There is no question that you need short term savings. The next logical question is exactly how much you need to have in your short-term savings accounts. The answer varies by the individual.

Your Age and Family Situation
Your age and family is a large factor in your savings plan. Young, single individuals need considerably less than families of four sending children off to college. Short term savings should cover three to six months worth of living expenses as well as any planned major expenses in the next three to seven years.

A young, single individual with bills of $1200 a month who just graduated from school with a new car gifted to her by her parents can save $3600 and be fine – at least until she gets married, decides to buy a condo, plans a month long vacation to Europe or any number of other planned expenses. As situations change, your savings plan changes as well, so always be reassessing your needs.

By contrast, a married couple about to send their child away to college and looking at a career in a declining industry after decades of hard work need a full six months of living expenses in short term savings as well as the cost of college tuition. There is a greater likelihood of losing a job, and despite years of experience, it may take longer to find a new one. If the couple lives in an aging house, they must also be saving for major improvements such as a new roof or foundation work.

Risk Tolerance
Your age also determines the best way to invest your entire portfolio. The older you are, the more you should have in liquid assets. The stock market is inherently more risky than CDs or money market accounts. Money invested in stocks can grow at a much faster rate than money in liquid assets, but that same growth can spiral down in a moment and take years to recover.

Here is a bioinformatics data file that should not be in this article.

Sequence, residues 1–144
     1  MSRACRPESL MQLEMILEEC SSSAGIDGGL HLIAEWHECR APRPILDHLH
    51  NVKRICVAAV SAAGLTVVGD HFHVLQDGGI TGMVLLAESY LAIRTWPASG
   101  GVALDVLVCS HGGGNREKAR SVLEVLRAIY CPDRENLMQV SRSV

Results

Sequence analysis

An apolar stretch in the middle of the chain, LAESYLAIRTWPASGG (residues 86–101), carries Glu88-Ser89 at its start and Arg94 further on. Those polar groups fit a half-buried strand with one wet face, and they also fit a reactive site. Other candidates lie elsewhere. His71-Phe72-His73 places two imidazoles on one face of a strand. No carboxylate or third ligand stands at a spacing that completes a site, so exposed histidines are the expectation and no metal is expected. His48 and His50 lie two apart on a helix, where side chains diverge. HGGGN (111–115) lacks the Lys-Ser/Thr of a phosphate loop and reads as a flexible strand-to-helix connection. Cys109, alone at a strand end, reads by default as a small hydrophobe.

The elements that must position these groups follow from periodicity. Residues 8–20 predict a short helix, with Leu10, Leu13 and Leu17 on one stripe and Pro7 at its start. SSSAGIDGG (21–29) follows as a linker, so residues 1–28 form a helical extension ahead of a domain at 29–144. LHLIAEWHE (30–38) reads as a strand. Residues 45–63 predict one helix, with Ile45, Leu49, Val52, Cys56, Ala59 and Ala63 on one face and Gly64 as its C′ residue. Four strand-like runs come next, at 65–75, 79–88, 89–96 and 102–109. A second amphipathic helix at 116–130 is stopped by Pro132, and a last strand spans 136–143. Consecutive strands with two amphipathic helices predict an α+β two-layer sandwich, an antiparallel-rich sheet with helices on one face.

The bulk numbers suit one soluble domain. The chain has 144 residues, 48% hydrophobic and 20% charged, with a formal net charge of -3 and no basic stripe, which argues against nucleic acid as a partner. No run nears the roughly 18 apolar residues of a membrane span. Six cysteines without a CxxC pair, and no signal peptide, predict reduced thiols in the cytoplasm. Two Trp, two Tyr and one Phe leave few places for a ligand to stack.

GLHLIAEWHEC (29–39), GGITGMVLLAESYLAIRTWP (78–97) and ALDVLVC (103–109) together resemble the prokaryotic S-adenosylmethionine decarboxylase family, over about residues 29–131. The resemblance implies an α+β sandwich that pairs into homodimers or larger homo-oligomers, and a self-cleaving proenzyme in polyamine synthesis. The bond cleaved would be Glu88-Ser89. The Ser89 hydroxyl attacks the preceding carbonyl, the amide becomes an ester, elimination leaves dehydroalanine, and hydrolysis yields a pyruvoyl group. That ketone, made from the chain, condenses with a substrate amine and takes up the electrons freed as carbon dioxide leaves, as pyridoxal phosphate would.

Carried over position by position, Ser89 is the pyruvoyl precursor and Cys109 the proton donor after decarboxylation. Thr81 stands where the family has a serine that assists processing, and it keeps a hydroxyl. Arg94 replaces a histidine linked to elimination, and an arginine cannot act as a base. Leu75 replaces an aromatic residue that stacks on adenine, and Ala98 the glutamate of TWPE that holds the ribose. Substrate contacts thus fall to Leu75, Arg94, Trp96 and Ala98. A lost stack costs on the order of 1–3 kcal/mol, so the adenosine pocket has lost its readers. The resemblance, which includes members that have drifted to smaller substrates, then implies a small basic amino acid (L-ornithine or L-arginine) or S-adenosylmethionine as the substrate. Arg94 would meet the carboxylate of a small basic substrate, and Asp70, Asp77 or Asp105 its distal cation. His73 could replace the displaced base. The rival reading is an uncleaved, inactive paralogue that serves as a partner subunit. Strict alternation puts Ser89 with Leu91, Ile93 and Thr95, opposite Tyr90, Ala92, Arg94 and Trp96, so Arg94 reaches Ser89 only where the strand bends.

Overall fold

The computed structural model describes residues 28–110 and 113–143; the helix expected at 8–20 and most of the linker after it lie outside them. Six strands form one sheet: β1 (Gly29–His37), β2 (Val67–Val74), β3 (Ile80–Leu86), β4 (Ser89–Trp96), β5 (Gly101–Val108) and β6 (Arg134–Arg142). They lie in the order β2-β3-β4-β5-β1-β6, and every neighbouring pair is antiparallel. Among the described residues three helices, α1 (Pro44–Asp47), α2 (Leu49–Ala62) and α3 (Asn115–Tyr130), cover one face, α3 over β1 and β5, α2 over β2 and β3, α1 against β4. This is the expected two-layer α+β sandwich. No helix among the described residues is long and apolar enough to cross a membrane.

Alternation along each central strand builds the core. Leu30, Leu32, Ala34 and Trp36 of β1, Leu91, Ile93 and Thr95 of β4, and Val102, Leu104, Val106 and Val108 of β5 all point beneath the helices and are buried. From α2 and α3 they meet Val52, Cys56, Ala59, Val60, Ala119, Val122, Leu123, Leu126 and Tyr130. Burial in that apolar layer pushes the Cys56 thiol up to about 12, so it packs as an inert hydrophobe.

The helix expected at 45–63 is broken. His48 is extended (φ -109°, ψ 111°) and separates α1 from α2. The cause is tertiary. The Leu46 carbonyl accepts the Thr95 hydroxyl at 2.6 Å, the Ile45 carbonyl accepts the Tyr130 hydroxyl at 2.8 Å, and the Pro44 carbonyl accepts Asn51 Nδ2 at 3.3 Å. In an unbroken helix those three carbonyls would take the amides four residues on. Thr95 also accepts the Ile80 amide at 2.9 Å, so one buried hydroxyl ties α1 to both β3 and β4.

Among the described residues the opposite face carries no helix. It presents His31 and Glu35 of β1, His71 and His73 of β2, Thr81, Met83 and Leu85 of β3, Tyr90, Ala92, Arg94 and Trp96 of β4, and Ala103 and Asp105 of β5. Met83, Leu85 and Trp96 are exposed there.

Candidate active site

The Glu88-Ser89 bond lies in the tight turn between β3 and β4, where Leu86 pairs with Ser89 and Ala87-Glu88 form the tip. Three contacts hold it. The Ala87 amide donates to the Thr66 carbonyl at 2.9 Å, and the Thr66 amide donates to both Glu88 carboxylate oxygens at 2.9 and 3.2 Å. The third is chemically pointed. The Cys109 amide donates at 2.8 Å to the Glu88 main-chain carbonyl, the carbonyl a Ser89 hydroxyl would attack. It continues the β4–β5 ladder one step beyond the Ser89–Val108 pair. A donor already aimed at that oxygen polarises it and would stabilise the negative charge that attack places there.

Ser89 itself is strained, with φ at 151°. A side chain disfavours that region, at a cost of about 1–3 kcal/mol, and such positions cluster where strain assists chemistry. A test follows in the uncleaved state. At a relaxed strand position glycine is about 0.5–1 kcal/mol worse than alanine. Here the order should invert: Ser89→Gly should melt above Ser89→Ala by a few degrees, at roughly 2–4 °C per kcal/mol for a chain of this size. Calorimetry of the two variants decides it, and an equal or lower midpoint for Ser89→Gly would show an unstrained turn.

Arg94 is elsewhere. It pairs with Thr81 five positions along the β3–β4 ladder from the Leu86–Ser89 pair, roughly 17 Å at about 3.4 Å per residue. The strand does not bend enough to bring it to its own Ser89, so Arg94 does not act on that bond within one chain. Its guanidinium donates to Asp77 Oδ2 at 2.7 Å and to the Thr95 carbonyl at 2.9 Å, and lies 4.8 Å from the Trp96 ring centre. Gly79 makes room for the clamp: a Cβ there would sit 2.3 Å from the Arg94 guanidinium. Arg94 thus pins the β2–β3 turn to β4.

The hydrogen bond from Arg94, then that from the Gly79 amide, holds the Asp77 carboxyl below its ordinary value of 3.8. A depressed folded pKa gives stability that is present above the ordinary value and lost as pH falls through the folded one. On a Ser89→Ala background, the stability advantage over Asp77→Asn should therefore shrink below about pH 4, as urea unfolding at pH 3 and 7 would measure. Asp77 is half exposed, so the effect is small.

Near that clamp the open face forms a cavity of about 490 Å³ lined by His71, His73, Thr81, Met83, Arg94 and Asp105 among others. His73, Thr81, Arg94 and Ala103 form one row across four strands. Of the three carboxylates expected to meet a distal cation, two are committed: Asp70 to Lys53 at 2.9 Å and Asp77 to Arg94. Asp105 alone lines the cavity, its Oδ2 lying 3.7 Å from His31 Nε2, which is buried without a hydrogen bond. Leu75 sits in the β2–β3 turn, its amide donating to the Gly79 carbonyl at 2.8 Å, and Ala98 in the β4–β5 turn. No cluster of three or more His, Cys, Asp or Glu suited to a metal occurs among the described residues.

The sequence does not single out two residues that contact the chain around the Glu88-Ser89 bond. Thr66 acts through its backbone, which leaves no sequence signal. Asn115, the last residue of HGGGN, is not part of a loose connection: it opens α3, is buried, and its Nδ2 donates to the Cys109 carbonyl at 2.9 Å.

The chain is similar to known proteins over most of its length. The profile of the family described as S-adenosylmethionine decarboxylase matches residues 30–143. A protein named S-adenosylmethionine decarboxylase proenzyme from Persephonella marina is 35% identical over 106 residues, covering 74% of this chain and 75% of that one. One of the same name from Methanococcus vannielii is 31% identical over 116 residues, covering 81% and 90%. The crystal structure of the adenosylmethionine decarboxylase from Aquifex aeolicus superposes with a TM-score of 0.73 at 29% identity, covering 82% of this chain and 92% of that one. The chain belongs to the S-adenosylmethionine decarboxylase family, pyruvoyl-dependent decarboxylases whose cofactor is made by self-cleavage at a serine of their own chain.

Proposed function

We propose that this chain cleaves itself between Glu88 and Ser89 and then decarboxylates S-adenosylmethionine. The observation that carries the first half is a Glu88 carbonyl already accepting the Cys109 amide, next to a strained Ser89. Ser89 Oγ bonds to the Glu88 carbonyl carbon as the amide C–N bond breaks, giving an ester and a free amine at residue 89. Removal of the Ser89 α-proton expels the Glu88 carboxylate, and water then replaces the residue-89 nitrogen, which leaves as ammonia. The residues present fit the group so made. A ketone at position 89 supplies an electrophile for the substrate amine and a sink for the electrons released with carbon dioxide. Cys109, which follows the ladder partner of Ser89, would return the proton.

The older you are, the more money you need invested in your short-term savings accounts to protect yourself from the fluctuating stock market. Young people need less in liquid assets for short term savings as they can afford to take a long view of the stock market. It may be that a young person or couple has only three months worth of expenses in short-term savings with the remainder of their savings in stocks. An individual approaching retirement needs six or seven months of living expenses and planned expenditures in short term savings for adequate protection.

Basic Needs
At the most basic level, the amount you need in short term savings is tied directly to how much you spend every month. Your short term savings account should contain three to six months worth of living expenses. If your living expenses are $2000 a month, your short-term savings needs to contain $6,000-$12,000 at the minimum.

These savings are designed to cover your household expenses should you lose your job or encounter a situation where you are unable to work for a short time. Your account must also include funds to protect you from other, smaller emergencies such as car repairs, emergency home maintenance and medical emergencies. Remember that the more dependents you have, the more likely you’ll encounter an expensive emergency.

Planned Expenses
Finally, your short-term savings needs to include any planned expenses you foresee in the next three to seven years. New cars, new homes, travel, and college tuition all can fall under planned expenses. And with the continual addition of new trips, procedures and large ticket items to a household, the need for planned expenses is ever changing. Be sure to review your savings plans periodically to ensure you are saving adequately for the future.

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